Who is preparing the dinner? The main course has been prepared already by me.
The dessert is being prepared by your Mother. Your sister might be invited as well.
She must be told to bring some bread. Do you think my sister must be told about the dinner?
I was told to relax by the doctor. This is not my idea of relaxing.
I am peeling the potatoes.
By the way, the car has been collected from the pound by my secretary.
Was she told to get a receipt? She should be told to get one if she has forgotten to do so.
The table is being prepared by John. The cleaning is being done by Susan.
The starter has been prepared by Susan earlier today. John’s mother was bringing the dessert.
The dog had been taken for a walk ten minutes ago. John’s sister is going to be invited after all.
Her boyfriend might be invited to the dinner by John sister. John and Susan should be informed about it.
They never are but they have prepared more food just in case. The next dinner can be held at John’s sister’s house.
Ding Dong. The door is being opened by John.
More about passive and active voices:
We can also distinguish personal from impersonal passive.
Firstly, Personal passive = the object of the active sentences becomes the subject of the passive sentence. So all transitive verbs can form a personal passive, (a transitive verb means that it can be followed by an Object).
Example: She built a new house. A new house was built.
Secondly, Impersonal passive = verbs that cannot have an object are intransitive verbs. They cannot form a personal passive sentence (meaning there is no object in the active voice that can be used as the subject of the passive form/sentence). In this case and in order to use the same verb in both the active and passive voice, you will need the preposition “it” (impersonal construction).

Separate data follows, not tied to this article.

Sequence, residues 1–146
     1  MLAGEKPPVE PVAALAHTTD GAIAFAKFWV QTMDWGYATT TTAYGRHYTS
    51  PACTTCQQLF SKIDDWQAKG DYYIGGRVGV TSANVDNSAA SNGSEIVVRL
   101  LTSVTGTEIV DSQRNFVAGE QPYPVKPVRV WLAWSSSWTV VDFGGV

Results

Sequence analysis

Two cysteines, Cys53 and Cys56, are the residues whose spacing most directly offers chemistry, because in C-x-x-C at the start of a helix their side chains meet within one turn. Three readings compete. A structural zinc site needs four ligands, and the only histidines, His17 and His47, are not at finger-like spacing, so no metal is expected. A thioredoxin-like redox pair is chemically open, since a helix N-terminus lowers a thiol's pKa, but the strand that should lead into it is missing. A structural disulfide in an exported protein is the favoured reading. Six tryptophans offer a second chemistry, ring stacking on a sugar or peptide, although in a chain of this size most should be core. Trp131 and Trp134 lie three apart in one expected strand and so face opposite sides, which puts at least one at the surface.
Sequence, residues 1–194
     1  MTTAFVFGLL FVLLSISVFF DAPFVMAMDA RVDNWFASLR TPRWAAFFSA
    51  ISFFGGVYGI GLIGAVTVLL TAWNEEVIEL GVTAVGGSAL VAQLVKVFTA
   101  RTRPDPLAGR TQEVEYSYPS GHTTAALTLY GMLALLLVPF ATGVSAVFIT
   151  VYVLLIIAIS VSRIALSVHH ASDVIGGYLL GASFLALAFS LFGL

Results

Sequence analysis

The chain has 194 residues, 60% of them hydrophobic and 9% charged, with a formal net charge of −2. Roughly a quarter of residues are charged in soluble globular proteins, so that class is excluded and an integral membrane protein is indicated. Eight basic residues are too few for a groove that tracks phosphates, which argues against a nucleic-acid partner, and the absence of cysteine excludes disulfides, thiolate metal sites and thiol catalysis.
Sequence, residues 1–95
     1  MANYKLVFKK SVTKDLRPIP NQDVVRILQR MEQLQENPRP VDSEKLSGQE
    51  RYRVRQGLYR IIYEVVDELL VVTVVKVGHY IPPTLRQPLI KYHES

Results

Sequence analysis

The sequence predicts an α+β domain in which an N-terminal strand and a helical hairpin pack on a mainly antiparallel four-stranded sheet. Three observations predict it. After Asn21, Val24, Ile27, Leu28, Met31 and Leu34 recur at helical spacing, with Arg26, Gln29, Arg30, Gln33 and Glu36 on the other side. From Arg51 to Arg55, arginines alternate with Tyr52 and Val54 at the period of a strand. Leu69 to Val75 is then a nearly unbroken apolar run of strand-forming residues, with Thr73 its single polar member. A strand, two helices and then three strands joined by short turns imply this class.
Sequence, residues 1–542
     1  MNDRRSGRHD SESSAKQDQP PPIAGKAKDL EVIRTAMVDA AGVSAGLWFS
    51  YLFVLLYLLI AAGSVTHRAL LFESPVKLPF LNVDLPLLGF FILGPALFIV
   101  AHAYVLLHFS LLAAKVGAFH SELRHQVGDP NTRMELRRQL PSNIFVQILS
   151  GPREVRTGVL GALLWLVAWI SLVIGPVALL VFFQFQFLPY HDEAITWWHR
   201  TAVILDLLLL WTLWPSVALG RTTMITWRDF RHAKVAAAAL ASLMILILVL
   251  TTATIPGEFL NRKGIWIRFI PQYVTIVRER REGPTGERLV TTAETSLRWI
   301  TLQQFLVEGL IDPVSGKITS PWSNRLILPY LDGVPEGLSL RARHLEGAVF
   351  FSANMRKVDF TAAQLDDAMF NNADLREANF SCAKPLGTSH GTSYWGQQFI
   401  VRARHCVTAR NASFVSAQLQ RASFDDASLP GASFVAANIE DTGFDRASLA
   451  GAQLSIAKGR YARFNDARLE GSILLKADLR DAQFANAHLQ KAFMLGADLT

They said becomes, It is said.
More Examples of transformations:
His dog + “to be” + past participle of main verb (to leave behind becomes left behind)
We take the tense used in the active voice, to conjugate the verb “to be” in the passive voice and add the past participle of the main verb of the active voice (to leave behind > left behind).
Firstly, Simple present.
They leave the dog behind. (active voice)
Their dog is left behind. (passive voice)
Secondly, Present continuous.
They are leaving the dog behind. (active voice).
Their/The dog is being left behind. (passive voice).
Thirdly, Simple past.
They left the dog behind. (active voice)
The dog was left behind. (passive voice)
Fourthly, Present perfect.
They have left the dog behind. (active voice)
The dog has been left behind. (passive voice)
Fifthly, Past perfect.
They had left the dog behind. (active voice)
The dog had been left behind. (passive voice)
Sixthly, simple future.
They will leave the dog behind. (active voice)
The dog will be left behind. (passive voice)
Seventhly, future perfect.
They will have left the dog behind. (active voice)
The dog will have been left behind. (passive voice)
Eighthly, simple conditional.
They would leave the dog behind. (active voice)
The dog would be left behind. (passive voice)
Ninthly, conditional perfect.
They would have left the dog behind. Active voice.
The dog would have been left behind. Passive voice.
Any news about dinner?
The main course has been prepared already.
Will your sister be invited?
I think she will be invited.
Is it true you were told to relax?
Yes, I have been over doing it lately.
I am right in thinking that the car was collected.
Yes, it was collected this morning.
Have you received your order?
My order is guaranteed to be delivered within three working days.
Is it good to eat with your left hand?
It is considered in some cultures to be so.
Did you find the code you were looking for?
No, there were meant to be some in the shop but there weren’t any.
Do you need to lose weight?
It has been suggested that I should.
Has your appointment been confirmed yet?
No, I have heard nothing.
Are you concerned?
No, they say there is nothing to worry about.
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